We’ve all been there when choosing a web host. We’ve all asked ourselves the same question – can I work with this host? At one point in our WordPress lives – specifically while choosing a web host, we’ve all asked ourselves that very same question – can I make do with this host?
The web host, quite literally, is the home to your WordPress site. And as your site’s traffic grows, we need to upgrade hosts. But it’s not not just traffic to be considered, our choice is governed by a multitude of factors. The average uptime of the host, quality of service including performance, speed and supported software, technical skills of the support, and most importantly, the cost.
The Cost Factor
Almost all beginners ask the same question when choosing a web host:
How much is thing going to cost?
I’ve done it and I’m pretty sure you’ve done it too! Once you dive into the wonderful world of WordPress, you’ll gradually come to realize that cost of a web host, although a governing factor of human logic, isn’t the most important one.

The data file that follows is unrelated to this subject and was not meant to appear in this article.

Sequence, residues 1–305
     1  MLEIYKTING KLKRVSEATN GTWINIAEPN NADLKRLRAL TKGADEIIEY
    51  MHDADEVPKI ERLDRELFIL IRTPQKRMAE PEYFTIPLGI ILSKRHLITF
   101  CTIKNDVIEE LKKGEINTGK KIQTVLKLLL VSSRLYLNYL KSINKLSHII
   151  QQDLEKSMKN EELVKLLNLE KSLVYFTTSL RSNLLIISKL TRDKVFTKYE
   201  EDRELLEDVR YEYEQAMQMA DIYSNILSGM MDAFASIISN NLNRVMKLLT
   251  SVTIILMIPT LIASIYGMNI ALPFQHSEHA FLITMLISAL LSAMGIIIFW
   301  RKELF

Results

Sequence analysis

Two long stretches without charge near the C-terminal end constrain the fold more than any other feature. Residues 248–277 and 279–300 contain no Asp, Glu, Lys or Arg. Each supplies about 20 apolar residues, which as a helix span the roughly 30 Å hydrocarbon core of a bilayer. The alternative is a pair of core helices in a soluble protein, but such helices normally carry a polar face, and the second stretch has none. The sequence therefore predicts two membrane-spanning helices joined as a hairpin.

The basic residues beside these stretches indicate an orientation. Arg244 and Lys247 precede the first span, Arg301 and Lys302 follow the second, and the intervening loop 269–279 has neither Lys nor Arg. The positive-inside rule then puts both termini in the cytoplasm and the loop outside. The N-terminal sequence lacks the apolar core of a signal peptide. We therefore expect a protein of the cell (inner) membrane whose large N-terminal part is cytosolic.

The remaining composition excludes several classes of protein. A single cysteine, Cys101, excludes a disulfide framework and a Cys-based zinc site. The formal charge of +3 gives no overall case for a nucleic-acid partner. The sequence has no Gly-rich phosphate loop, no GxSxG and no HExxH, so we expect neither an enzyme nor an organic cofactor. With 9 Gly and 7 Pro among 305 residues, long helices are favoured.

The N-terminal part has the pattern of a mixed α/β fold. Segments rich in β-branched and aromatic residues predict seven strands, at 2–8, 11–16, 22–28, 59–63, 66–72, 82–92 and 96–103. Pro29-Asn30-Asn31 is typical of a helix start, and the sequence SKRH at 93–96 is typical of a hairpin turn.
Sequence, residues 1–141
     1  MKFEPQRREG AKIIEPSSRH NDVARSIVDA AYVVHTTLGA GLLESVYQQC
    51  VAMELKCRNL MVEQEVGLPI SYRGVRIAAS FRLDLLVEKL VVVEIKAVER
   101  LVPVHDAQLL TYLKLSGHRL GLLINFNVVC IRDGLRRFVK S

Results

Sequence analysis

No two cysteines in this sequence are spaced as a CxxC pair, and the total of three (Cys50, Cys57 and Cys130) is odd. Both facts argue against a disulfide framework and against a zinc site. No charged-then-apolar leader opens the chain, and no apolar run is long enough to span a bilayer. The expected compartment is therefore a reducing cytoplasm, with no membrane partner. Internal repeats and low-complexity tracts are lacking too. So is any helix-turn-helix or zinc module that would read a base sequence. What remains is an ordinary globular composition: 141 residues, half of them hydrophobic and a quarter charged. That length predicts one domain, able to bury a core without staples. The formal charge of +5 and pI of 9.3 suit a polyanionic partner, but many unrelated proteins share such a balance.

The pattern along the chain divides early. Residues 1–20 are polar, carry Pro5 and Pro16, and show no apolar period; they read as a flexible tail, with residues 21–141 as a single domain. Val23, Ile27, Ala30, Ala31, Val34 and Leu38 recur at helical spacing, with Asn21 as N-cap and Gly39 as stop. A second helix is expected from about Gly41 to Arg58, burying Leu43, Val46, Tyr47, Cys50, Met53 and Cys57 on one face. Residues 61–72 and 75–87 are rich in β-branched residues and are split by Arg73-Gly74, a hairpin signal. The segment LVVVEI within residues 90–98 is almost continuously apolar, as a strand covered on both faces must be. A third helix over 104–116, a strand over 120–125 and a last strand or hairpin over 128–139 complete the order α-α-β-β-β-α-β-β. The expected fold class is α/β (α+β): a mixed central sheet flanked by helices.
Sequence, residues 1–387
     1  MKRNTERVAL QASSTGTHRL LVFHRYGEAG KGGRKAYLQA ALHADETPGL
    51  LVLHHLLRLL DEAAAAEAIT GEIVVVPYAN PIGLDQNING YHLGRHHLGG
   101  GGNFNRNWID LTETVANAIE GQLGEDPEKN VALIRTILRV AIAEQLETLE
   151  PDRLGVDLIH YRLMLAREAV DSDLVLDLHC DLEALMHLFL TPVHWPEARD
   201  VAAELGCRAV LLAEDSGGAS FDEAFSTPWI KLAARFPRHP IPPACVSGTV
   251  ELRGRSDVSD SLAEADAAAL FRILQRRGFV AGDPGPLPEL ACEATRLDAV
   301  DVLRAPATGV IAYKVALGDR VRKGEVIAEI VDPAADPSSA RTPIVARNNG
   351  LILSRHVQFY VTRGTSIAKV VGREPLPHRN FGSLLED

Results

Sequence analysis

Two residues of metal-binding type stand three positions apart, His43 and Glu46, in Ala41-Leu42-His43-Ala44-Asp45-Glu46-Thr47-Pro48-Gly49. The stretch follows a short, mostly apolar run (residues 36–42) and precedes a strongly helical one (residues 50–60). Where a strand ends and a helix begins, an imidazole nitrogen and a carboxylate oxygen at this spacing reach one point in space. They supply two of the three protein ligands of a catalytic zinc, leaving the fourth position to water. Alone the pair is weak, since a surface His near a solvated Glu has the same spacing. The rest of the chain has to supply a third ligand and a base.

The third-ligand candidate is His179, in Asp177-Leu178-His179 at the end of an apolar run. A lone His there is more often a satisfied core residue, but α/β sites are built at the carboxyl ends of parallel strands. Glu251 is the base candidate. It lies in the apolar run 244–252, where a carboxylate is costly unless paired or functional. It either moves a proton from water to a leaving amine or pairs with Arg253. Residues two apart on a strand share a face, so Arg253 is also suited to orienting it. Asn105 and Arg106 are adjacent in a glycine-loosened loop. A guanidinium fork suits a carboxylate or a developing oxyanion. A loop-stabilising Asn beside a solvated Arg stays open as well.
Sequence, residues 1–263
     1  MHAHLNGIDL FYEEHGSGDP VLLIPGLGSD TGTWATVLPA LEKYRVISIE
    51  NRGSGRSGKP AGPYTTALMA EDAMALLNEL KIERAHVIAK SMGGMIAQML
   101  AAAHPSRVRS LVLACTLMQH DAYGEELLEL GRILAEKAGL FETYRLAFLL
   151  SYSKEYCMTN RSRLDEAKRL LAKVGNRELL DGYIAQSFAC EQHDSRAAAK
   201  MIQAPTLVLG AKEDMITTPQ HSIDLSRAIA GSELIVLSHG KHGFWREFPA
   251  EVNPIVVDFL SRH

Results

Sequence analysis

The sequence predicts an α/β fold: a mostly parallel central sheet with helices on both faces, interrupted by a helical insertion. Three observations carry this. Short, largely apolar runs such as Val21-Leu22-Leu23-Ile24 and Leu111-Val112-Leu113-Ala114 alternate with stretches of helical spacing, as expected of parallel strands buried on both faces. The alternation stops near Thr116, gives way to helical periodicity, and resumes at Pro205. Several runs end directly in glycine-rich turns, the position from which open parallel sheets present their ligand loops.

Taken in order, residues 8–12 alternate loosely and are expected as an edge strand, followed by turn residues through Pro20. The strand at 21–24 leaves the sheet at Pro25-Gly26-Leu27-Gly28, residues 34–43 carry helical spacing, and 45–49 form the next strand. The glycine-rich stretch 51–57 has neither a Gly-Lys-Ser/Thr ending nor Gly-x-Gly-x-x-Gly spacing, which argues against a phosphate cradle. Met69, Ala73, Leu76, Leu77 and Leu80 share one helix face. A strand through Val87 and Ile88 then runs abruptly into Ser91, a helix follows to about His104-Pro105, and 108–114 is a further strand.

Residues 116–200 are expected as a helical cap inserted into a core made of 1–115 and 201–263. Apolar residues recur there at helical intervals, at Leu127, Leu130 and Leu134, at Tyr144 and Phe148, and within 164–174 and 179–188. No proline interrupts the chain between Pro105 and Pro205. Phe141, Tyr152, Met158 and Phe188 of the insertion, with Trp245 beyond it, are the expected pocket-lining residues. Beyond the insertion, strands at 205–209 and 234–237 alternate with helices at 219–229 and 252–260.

Why? The reason is simple – as you learn more about WordPress, you’ll find that there are many factors such as automatic core updates, DDoS protection, managed hosting, integrated CDN, and a host of others that come into play, once you enter the big league.
Let me pick the cheapest one and get started.
This right here is one of those wrong (but necessary) turns in life that most of us ponder upon later. But hey – we learn from our mistakes, right? If you’ve somehow miraculously landed on this article while researching your new web host – you’re in luck! To put it quite simply, avoid cheap web hosts (you’ll see why shortly).
Problems with Cheap Web Hosts
Most of the factors discussed in the following paragraphs are related to one another. It’s more of chain reaction – one deficit leading to another problem. If you think about it from a business perspective – basic profit and loss equations – you’ll find that the reasons are quite obvious. Let’s get started.
1. Severe Resource Limitations
Cheap web hosts will usually use poor or used servers and/or cramp as many users as possible into those servers. As a result, the amount of resources shared between each user is severely reduced.
For example, consider a server with 8 GB of RAM. If we stuff in 100 people in that server, each person will get roughly 80 MB of RAM. (8 x 1000 / 100). That’s pretty decent. Increase that number and you’ll start having problems.
What’s The Problem?
- Low PHP Memory Limit: For starters, there’s the painstakingly low PHP memory limit. We’ve established that WordPress runs on PHP, right? With the low PHP memory limit, WordPress’ hands are tied. When you install a new theme or run a resource intensive plugin (for example a scheduled cloud backup), WordPress will fail and you’ll face the white screen of death.